“The IOC is above all law. You can’t make the IOC and its creatures obey American law,” he said.

The press office for the Chicago 2016 bid committee did not respond to questions from Fanning the Flames for this story.

Fanning the Flames is a blog of the McCormick Freedom Museum, which is part of the McCormick Foundation. The McCormick Foundation donated money to the 2016 Fund for Chicago Neighborhoods, which awards grants to local organizations for local planning and development activities to complement the city’s Olympic bid. A specialized reporting institute in partnership with DePaul University was sponsored by the McCormick Foundation to help the media cover the Olympics if Chicago wins the bid. The foundation was also one of the contributors to the Civic Federation of Chicago study, which was released in late August. The non-partisan organization conducted an independent financial review of Chicago’s bid for the Chicago City Council.

Lack of transparency

Organizing committees in previous host cities have claimed to be private entities, exempting them from state freedom of information and open meetings laws. It’s a barrier that local media organizations had to overcome in Atlanta, Georgia and in Salt Lake City, Utah to cover Olympic development news, and later to uncover questionable practices their cities used to become host cities.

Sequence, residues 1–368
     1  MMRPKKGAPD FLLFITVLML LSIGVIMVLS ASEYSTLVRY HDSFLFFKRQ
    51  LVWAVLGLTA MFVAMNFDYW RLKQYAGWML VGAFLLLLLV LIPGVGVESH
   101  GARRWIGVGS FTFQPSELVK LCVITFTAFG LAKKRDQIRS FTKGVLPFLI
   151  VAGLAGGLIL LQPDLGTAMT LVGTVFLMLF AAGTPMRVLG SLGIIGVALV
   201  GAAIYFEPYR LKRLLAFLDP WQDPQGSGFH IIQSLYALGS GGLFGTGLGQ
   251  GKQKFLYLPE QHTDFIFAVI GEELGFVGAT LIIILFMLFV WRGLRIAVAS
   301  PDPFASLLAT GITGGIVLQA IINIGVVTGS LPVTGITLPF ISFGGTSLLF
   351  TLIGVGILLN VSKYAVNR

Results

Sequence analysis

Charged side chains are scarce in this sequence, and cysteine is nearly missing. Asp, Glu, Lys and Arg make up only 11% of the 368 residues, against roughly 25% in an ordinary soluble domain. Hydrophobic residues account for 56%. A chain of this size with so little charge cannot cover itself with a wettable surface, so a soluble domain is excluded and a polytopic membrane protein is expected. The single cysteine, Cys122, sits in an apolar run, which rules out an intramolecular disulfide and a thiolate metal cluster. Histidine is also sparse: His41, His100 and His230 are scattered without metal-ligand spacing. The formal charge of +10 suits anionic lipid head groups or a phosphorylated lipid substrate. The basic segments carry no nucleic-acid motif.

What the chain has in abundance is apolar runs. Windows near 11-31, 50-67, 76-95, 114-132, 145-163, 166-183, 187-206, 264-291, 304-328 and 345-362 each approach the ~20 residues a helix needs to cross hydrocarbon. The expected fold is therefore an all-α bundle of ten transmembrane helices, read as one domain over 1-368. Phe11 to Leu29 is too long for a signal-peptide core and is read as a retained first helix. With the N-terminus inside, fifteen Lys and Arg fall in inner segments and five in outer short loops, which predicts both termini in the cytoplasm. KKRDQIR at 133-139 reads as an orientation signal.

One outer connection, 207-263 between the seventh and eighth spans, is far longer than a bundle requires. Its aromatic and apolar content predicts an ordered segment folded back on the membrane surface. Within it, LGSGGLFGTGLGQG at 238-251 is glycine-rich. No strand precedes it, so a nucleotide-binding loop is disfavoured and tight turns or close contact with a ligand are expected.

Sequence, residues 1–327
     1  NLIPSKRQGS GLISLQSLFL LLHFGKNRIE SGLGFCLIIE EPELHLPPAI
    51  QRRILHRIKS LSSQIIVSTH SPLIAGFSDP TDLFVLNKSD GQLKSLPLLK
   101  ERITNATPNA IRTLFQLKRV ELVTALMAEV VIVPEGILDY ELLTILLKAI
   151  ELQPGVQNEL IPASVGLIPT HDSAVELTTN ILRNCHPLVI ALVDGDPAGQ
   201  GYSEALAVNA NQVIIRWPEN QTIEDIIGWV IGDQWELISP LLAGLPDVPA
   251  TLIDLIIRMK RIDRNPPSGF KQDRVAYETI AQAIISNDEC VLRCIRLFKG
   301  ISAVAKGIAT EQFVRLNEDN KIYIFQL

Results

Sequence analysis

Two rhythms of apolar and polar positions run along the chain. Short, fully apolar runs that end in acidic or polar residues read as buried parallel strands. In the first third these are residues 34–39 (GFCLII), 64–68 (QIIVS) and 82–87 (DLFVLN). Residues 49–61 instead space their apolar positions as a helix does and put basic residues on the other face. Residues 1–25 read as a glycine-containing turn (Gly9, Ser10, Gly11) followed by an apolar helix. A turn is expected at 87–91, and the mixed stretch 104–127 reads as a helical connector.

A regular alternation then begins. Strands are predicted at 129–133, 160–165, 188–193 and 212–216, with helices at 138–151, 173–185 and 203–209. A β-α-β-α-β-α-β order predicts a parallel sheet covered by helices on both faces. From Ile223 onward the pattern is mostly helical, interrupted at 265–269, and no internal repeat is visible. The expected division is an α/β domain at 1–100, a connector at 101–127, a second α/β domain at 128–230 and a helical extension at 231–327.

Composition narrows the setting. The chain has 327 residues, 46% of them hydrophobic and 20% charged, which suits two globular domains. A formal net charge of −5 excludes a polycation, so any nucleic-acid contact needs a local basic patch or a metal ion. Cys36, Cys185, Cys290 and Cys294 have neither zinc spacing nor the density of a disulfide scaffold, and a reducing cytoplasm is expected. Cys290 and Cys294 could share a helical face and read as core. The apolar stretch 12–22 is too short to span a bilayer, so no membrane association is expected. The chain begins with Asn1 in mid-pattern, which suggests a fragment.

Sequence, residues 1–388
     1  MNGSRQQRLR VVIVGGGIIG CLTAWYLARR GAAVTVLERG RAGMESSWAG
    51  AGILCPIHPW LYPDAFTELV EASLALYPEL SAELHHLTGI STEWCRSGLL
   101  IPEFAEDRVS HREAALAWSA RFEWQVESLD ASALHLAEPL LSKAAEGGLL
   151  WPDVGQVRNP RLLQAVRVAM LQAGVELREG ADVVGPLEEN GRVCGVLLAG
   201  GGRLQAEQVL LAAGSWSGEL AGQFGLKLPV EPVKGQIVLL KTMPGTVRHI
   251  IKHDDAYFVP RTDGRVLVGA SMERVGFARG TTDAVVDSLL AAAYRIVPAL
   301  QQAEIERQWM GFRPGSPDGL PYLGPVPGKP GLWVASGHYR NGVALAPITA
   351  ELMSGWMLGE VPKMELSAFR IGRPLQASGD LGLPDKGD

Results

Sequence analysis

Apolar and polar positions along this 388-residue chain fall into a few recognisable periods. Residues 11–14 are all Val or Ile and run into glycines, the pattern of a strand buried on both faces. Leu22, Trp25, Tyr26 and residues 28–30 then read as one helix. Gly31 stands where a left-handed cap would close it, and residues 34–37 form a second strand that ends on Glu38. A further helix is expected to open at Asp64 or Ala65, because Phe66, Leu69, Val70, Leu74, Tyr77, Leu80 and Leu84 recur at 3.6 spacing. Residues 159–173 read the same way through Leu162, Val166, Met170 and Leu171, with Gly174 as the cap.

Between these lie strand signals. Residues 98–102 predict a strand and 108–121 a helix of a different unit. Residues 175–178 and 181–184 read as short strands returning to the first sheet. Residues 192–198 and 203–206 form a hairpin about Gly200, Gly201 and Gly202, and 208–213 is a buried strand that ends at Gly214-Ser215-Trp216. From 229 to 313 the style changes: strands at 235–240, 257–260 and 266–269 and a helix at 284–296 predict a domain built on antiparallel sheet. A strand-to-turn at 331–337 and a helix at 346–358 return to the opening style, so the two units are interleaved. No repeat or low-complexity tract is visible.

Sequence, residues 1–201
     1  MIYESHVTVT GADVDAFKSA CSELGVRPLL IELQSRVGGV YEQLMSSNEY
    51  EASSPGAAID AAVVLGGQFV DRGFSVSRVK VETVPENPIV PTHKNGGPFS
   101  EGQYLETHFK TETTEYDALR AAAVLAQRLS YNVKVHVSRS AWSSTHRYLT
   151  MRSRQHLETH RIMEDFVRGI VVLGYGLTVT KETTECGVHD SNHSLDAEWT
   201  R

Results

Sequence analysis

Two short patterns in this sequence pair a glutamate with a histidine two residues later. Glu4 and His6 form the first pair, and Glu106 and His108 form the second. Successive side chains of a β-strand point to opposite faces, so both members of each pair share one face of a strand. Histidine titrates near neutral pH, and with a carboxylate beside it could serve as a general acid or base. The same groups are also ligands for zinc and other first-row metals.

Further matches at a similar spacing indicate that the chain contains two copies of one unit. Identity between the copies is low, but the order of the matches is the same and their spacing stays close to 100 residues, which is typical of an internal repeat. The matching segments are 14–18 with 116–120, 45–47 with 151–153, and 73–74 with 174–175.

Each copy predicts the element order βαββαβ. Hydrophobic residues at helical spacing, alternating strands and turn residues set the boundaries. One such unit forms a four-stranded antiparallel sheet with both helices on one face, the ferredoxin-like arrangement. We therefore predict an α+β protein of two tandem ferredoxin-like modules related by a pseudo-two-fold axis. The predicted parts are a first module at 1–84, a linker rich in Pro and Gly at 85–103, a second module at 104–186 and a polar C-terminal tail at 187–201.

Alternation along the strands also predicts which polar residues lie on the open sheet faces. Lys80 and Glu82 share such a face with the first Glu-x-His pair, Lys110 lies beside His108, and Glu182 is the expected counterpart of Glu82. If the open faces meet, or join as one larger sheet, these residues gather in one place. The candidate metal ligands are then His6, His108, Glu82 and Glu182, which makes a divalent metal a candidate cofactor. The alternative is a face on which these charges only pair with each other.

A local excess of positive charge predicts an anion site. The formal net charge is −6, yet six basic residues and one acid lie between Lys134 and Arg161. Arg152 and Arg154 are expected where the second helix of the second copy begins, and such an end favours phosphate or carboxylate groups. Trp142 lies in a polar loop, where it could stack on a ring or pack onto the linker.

Atlanta Journal-Constitution managing editor, Bert Roughton, who was a reporter for the newspaper during the 1996 Atlanta games, said most of the records they needed were available during the bidding process, because much of that process involved approval from local and state government.

But after Atlanta won the host city bid, he said the organizing committee began claiming its private status and tried to keep records closed. Roughton said he remembers several weeks of back and forth discussions with Olympic organizers trying to get them to be more open with information. When the newspaper asked for salary figures, organizers took it as “aggressive act.” Roughton said many committee members were not public figures and unaccustomed to dealing with the press, so it took them a while to come around and understand what reporters were trying to do.

Roughton said the Metropolitan Atlanta Olympic Games Authority (MAOGA) was created as a public entity, which meant its records were subject to the state’s freedom of information law. One of MAOGA’s tasks was building Olympic venues, he said, so documents such as construction contracts were public information. The London 2012 Olympic Committee has set up a similar public entity called the Olympic Delivery Authority.